Place:Brendon, Devon, England

Watchers
NameBrendon
TypeParish
Coordinates51.2198°N 3.7636°W
Located inDevon, England
See alsoShirwell Hundred, Devon, Englandhundred of which the parish was a part
Barnstaple Rural, Devon, Englandrural district in which the parish was located 1894-1974
North Devon District, Devon, Englanddistrict municipality covering the area since 1974
source: Family History Library Catalog
the following text is based on an article in Wikipedia

Brendon is a village in Devon, England, close to the border with Somerset within the Exmoor National Park. The village is 1½ miles southeast of Lynton and 15 miles (24 km) west of Minehead in the East Lyn Valley. The church of St. Brendon was built in 1738, possibly using the stones from the original church at Cheriton. The church lies midway between Cheriton and Brendon, about two miles (3 km) from each, and has a tower and 4 bells. The village is located just off the A39 and its population was 159 in 2001.

The parish of Brendon is roughly square in shape and is defined by the East Lyn River to the north, the Hoaroak Water to the west and the Badgworthy Water to the east; a tributary of the latter, the Hoccombe Water defines part of its southern boundary. Brendon Common occupies a part of the moorland area which characterises the south of the parish. Badgeworthy Water is crossed by the 17th century packhorse Malmsmead Bridge.

Before 1974 Brendon was in the Barnstaple Rural District and since 1974 in the North Devon District.

Registration Districts

Research Tips

  • Ordnance Survey Maps of England and Wales - Revised: Devonshire Northand Devonshire South illustrate the parish boundaries of Devon when rural districts were still in existence. The maps publication year is 1931. The maps blow up to show all the parishes and many of the small villages and hamlets. These maps are now downloadable for personal use.
  • GENUKI has a new map feature on its individual Devon parish pages. Each parish page includes an outline map of parishes in the region of the one under inspection. By clicking on this map the user is taken to a blow-up of Historic Parishes of England and Wales: an Electronic Map of Boundaries before 1850 with a Gazetteer and Metadata [computer file] provided by R. J. P. Kain and R. R. Oliver of the History Data Service of Colchester, Essex (distributed by UK Data Archive).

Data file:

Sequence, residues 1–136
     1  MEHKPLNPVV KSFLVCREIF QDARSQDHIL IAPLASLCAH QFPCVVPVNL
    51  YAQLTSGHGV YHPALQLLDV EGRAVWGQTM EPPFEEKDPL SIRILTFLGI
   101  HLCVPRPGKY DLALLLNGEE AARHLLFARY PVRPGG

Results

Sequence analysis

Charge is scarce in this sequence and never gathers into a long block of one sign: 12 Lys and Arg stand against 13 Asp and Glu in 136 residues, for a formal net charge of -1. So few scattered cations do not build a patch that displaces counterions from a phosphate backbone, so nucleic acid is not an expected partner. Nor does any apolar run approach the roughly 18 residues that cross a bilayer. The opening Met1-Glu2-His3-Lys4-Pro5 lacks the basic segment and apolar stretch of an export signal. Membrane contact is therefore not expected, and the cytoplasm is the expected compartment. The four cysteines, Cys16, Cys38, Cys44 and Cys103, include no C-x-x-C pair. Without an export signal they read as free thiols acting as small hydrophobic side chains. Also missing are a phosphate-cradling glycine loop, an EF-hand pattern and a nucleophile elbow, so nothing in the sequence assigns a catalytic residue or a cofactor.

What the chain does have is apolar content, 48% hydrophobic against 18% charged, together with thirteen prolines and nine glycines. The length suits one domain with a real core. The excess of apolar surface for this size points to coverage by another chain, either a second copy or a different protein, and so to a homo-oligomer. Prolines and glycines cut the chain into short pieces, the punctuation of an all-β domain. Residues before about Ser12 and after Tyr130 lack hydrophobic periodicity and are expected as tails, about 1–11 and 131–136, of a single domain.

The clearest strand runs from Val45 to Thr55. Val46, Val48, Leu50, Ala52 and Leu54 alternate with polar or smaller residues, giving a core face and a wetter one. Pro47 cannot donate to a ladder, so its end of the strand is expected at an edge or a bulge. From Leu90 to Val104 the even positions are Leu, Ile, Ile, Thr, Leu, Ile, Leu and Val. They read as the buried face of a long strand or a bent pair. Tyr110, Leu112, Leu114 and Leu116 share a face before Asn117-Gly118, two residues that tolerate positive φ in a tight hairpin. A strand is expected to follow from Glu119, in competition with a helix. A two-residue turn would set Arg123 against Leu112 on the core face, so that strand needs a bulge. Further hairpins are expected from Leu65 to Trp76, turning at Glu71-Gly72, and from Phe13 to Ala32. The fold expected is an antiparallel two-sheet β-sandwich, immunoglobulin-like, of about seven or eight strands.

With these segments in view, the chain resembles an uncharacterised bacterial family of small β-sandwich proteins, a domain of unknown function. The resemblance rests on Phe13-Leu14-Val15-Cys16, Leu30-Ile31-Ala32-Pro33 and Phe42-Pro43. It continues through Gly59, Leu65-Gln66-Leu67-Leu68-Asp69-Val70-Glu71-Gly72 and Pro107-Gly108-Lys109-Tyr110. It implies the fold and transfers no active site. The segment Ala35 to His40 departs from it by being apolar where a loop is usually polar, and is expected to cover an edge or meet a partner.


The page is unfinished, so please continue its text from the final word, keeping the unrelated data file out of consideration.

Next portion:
• Devon County Council's Record Offices and Local Studies Libraries are being reorganized and amalgamated to form the Devon Heritage Services, comprising the Devon Heritage Centre (Exeter) and the North Devon Record Office (Barnstaple). These developments, which are described in Historical Records: A New Future for Devon's Heritage, do not affect the other major Devon archive, the Plymouth & West Devon Record Office, or the Local Studies Library, which are located in Plymouth and come under the Plymouth City Council. (Devon FHS report that Plymouth Record Office has just aquired new premises.) There is a guide entitled Which heritage centre or record office should I visit? which is provided to explain the organization further.
  • Devon Family History Society Mailing address: PO Box 9, Exeter, EX2 6YP, United Kingdom. Specialized contacts for membership, publications, queries, etc. The society has branches in various parts of the county. It is the largest Family History Society in the United Kingdom.
  • Devon has a Online Parish Clerk (OPC) Project. Only about half of the parishes have a volunteer contributing local data. For more information, consult the website, especially the list at the bottom of the homepage.
  • GENUKI makes a great many suggestions as to other websites with worthwhile information about Devon as well as leading to a collection of 19th century descriptions of each of the ecclesiastical parishes. Devon is one of the counties on the GENUKI website that has recently (summer 2015) been updated. The maps described above are just one of the innovations.
  • The FamilySearch Wiki provides a similar information service to GENUKI which may be more up-to-date. An index of parishes leads to notes and references for each parish.
  • A Vision of Britain through Time has
  1. organization charts of the hierarchies of parishes within hundreds, registration districts and rural and urban districts of the 20th century
  2. excerpts from a gazetteer of circa 1870 outlining individual towns and parishes
  3. reviews of population through the time period 1800-1960
  • More local sources can often be found by referring to "What Links Here" in the column on the left.
This page uses content from the English Wikipedia. The original content was at Brendon. The list of authors can be seen in the page history. As with WeRelate, the content of Wikipedia is available under the Creative Commons Attribution/Share-Alike License.